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We are living in strange times, and we count ourselves fortunate to be able to continue communicating with friends and family, even if we can't give them a physical hug.
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When I started working with glass at home, I didn't realise how much 'scrap' glass there would be. But if you think about it, glass isn't like pastry - you can't roll up the offcuts and use them.
So we needed something to do with the offcuts of clear, coloured and patterned glass that we have built up. Enter the Fruit Bowl.
For some strange reason I really enjoyed making this piece.
It took a three stage process to get it finished:
a) Cut the glass and assemble
b) Full Fuse to get all the glass into a single piece
c) Slump Fuse to get the shape
It's made from a single sheet of clear glass which was cut to size. I then sorted out some of the coloured offcuts, and arranged them on top of the clear glass. As you can imagine, the offcuts are all sorts of shapes, and no amount of arranging and re-arranging them covered the complete clear sheet - there were gaps left. To leave it like that would have resulted in the suface of the bowl being pitted and potentially have holes appear - not a good thing. So I used some red frit - crushed glass - to grout between the offcuts. I had intended to brush the red frit off the surface, just leaving it in the gaps. But I liked the look, so I left it. Stage one over.
Into the kiln then for a full fuse, taking the temperature up to around 800 c and then cooling on a carefully
controlled cycle to ensure that all the stresses introduced by the heating are allowed to relax. Stage two complete once we returned to room temperature.
Then the slightly unexpected part - shaping the bowl. I have a number of standard plate and dish moulds, but I didn't have one the shape that I wanted. Research on the internet (Google is everyones friend) gave up the technique of using chalk to shape glass in the kiln. A quick run out to Hobbycraft (other chalk suppliers are available) found a box of fat chalks ready to make a mould. I made a rectangle of chalks the outline of teh bowl I wanted and covered this with a thin sheet of fibre paper to soften the edges. Then into the kiln for a slump fuse which is hot enough to get the glass to take a new shape using gravity, without going really runny. Once back out of the kiln, and I was delighted with the results.
Here's a challenge for you - Name That Tune!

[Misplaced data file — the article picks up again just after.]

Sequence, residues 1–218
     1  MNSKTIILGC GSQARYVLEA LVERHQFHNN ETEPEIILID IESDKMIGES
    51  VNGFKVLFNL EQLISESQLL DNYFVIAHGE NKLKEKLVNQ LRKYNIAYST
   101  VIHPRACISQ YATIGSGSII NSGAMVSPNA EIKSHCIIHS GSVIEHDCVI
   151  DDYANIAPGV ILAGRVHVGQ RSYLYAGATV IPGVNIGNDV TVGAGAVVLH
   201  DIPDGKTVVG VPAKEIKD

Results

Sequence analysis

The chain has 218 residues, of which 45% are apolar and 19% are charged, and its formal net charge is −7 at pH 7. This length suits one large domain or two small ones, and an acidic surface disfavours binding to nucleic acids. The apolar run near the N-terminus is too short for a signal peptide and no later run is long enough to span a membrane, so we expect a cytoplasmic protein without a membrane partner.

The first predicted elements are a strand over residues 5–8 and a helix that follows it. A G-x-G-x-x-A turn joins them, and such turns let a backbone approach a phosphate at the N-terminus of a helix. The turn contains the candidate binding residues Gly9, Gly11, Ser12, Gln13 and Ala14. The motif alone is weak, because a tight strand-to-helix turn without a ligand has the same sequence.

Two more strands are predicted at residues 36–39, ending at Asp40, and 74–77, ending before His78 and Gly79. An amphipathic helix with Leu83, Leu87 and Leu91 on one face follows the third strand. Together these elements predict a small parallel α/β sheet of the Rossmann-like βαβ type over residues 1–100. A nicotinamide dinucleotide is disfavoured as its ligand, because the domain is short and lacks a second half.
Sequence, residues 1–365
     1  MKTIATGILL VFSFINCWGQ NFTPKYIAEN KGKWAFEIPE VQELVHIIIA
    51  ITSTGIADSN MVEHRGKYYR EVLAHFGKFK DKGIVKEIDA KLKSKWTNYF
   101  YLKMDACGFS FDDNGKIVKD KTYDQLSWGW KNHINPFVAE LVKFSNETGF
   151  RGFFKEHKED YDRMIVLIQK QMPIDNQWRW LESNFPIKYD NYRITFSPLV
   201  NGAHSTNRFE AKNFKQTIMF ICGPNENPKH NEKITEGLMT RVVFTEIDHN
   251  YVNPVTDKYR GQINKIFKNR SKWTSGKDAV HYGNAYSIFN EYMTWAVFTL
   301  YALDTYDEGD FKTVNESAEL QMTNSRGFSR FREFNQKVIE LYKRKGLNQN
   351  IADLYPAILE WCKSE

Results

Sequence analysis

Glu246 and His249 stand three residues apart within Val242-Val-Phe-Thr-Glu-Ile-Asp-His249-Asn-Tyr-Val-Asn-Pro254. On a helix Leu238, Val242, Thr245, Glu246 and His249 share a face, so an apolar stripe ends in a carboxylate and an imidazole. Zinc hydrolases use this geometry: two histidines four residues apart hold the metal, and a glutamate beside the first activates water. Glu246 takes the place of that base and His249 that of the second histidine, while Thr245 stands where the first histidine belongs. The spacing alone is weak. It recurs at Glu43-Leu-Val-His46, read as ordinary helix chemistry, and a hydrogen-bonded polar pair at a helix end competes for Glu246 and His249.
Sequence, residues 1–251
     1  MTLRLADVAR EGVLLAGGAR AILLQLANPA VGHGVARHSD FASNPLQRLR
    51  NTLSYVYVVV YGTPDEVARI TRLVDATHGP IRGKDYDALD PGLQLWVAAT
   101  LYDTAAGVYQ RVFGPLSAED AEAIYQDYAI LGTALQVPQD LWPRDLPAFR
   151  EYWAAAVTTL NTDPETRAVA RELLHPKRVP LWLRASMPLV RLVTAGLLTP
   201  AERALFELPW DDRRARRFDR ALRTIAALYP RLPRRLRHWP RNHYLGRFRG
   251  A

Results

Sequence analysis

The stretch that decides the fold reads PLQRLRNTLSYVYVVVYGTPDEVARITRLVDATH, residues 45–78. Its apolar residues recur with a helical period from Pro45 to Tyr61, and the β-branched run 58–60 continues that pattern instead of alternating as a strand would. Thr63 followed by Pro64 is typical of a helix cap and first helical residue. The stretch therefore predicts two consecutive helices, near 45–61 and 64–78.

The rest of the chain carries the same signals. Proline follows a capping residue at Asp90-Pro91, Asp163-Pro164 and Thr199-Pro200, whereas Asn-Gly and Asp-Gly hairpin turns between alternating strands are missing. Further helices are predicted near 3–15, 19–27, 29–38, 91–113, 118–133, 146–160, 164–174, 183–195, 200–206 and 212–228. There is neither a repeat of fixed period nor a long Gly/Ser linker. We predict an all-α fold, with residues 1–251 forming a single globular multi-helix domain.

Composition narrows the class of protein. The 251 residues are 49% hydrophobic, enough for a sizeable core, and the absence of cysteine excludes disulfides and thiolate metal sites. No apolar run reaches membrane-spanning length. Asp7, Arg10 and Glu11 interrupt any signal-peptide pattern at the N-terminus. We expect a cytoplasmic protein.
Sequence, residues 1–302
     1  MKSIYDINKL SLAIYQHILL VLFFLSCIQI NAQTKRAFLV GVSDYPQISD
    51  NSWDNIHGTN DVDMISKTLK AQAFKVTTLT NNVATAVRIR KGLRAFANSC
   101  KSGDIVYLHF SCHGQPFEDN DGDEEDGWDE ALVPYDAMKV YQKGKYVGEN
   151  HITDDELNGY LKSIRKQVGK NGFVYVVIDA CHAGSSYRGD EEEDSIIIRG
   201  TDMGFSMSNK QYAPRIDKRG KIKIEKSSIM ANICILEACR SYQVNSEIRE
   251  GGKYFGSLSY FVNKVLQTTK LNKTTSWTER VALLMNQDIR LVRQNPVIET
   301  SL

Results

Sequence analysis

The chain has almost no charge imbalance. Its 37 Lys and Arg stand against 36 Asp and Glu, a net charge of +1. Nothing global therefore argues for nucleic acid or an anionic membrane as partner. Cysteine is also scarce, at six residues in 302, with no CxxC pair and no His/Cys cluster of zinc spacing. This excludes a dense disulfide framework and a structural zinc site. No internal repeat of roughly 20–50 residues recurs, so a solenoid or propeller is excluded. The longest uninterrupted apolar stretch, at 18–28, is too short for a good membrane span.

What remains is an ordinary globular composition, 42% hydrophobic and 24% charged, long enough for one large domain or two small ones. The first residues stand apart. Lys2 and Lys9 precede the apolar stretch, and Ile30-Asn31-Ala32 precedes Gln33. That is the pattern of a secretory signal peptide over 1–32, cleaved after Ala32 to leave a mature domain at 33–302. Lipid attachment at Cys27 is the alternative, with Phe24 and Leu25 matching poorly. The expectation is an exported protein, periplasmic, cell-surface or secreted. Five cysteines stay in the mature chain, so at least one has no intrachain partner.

This piece was made by SWMBO, and is a real tune that most of you will know.
It was quite a lengthy project as it required 3 firings in the kiln.
The stars were cut from thin copper foil and were sandwiched between two sheets of clear glass that had been hand-cut to shape. The coloured staves are made from thin glass rods called Stringers. These were positioned on top of the glass sandwich before firing for a full fuse to give a smooth finish.
The notes are made from dots clipped from a glass rod, with short stringers. Once the piece had cooled, the notes were carefully positioned and held in place using Aloe Vera gel (which burns away in the kiln without leaving a residue). This time we used a tac fuse to securely stick the notes to the flat sheet glass.
When the piece had cooled again, it was placed over a ceramic mould and fired for a slump fuse, which gave it its final wave shape. That's a total of around 24 hours in the kiln!
It measures approximately 20 cm x 10.5 cm with a double wave that's about 2.5 cm deep.
We went on an adventure in May of 2019, following in the footsteps of my Grandfather, who served in the 8th Battallion of the South Staffs Regiment during the 1914 - 1918 war. We researched where he had fought and were fortunate to find a guide who took us to some of those places so that we could walk in his footsteps. Pop survived and returned to his family in the UK. So many were not as fortunate.
This is our small tribute to those who fell in that war, and in those that followed.
For each of these pieces sold we will donate £5 to the British Legion Poppy Appeal.
Same Design - Different Colours
Here are two examples of how a design looks different when it's executed using different colours.
Both the coasters and the platters are made using basically the same techniques, with the coasters being 10cm squares and the platters being 20cm squares in a shallow dish.
All the flat glass is hand-cut to size. Each coaster or platter needs a square of coloured glass as the base, and a square of clear glass to go on top. We've then laid out some thin glass 'Stringers' in a selection of contrasting colours, and added a few glass dots.
I absolutely LOVE this piece, possibly because it was one of the first pieces I made.
It is constructed like a jigsaw puzzle, with each piece of coloured glass being placed on a single piece of clear glass that makes the base. Each of the coloured shapes was cut to size and shape by hand, and the whole thing was trial-fitted to check the fit, with some minor adjustments being made to ensure that there was a small gap between each piece of the jigsaw. Once I was happy that the pieces fitted, it was time to fill in the gaps between each shape. Think about grouting the bathroom tiles, but instead of a paste, I used powdered black glass, known as Frit. I used a small spoon to pour frit into the gaps, and then spent ages carefully using a small paintbrush to remove any specks of black glass that didn't go into the gaps. If you look carefully you can see some black flecks on the deep orange rectangle - I'm sure I didnt leave those there!
A Full Fuse to over 800 C melted all the coloured pieces, frit and clear base into a single 20cm square, which was then Slumped into a shallow ceramic mould to give it a dish shape.
This one is on dispay at home, and is not for sale, but we have other similar platters in other colours.